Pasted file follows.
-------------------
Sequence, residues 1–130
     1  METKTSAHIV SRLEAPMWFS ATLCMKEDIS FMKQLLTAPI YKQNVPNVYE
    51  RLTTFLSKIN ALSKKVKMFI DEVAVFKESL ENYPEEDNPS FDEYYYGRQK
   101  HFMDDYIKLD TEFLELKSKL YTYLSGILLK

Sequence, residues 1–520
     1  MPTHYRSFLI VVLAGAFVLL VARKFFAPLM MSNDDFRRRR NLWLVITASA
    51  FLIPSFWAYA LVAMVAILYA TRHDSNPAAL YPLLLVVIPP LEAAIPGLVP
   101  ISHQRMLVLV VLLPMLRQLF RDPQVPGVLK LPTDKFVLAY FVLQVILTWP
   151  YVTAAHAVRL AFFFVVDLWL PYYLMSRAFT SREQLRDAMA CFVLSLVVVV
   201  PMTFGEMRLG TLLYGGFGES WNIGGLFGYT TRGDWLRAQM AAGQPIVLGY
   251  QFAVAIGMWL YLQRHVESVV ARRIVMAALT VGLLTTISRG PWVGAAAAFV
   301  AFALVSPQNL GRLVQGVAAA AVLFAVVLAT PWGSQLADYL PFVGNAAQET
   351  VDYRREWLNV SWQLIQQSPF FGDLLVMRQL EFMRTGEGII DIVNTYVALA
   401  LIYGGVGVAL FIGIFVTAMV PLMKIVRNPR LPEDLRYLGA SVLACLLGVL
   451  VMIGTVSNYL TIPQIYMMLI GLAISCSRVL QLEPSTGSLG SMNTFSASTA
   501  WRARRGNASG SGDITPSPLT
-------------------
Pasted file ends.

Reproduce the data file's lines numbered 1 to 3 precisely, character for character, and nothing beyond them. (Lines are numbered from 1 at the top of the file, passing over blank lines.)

Sequence, residues 1–130
     1  METKTSAHIV SRLEAPMWFS ATLCMKEDIS FMKQLLTAPI YKQNVPNVYE
    51  RLTTFLSKIN ALSKKVKMFI DEVAVFKESL ENYPEEDNPS FDEYYYGRQK